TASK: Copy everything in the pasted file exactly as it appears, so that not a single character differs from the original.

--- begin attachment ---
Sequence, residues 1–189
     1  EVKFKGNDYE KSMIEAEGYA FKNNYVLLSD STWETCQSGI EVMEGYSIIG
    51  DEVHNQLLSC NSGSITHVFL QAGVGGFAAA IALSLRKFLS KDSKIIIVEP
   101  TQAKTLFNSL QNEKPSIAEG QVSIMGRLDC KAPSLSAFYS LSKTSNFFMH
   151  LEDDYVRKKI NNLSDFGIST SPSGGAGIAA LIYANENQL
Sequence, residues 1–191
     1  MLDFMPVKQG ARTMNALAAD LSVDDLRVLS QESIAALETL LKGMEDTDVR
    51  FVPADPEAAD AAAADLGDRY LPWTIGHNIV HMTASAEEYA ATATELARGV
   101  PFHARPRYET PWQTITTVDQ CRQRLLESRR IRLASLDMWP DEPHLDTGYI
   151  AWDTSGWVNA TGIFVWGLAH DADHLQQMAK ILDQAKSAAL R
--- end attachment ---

Sequence, residues 1–189
     1  EVKFKGNDYE KSMIEAEGYA FKNNYVLLSD STWETCQSGI EVMEGYSIIG
    51  DEVHNQLLSC NSGSITHVFL QAGVGGFAAA IALSLRKFLS KDSKIIIVEP
   101  TQAKTLFNSL QNEKPSIAEG QVSIMGRLDC KAPSLSAFYS LSKTSNFFMH
   151  LEDDYVRKKI NNLSDFGIST SPSGGAGIAA LIYANENQL
Sequence, residues 1–191
     1  MLDFMPVKQG ARTMNALAAD LSVDDLRVLS QESIAALETL LKGMEDTDVR
    51  FVPADPEAAD AAAADLGDRY LPWTIGHNIV HMTASAEEYA ATATELARGV
   101  PFHARPRYET PWQTITTVDQ CRQRLLESRR IRLASLDMWP DEPHLDTGYI
   151  AWDTSGWVNA TGIFVWGLAH DADHLQQMAK ILDQAKSAAL R